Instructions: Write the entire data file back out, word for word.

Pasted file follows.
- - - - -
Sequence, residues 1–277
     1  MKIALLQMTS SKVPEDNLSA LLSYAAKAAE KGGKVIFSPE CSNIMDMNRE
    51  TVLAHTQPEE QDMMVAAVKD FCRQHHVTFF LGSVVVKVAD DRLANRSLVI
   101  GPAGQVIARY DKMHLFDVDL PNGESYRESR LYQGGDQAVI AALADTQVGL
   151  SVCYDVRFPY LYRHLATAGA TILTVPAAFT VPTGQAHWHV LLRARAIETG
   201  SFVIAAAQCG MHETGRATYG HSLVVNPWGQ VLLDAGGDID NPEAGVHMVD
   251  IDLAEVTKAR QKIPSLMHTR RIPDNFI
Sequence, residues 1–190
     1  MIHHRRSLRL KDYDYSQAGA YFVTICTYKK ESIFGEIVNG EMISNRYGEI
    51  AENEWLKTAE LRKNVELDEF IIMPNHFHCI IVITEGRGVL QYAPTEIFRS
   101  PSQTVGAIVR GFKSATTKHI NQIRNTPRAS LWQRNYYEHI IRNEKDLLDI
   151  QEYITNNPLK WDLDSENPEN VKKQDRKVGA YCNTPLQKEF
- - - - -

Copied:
Sequence, residues 1–277
     1  MKIALLQMTS SKVPEDNLSA LLSYAAKAAE KGGKVIFSPE CSNIMDMNRE
    51  TVLAHTQPEE QDMMVAAVKD FCRQHHVTFF LGSVVVKVAD DRLANRSLVI
   101  GPAGQVIARY DKMHLFDVDL PNGESYRESR LYQGGDQAVI AALADTQVGL
   151  SVCYDVRFPY LYRHLATAGA TILTVPAAFT VPTGQAHWHV LLRARAIETG
   201  SFVIAAAQCG MHETGRATYG HSLVVNPWGQ VLLDAGGDID NPEAGVHMVD
   251  IDLAEVTKAR QKIPSLMHTR RIPDNFI
Sequence, residues 1–190
     1  MIHHRRSLRL KDYDYSQAGA YFVTICTYKK ESIFGEIVNG EMISNRYGEI
    51  AENEWLKTAE LRKNVELDEF IIMPNHFHCI IVITEGRGVL QYAPTEIFRS
   101  PSQTVGAIVR GFKSATTKHI NQIRNTPRAS LWQRNYYEHI IRNEKDLLDI
   151  QEYITNNPLK WDLDSENPEN VKKQDRKVGA YCNTPLQKEF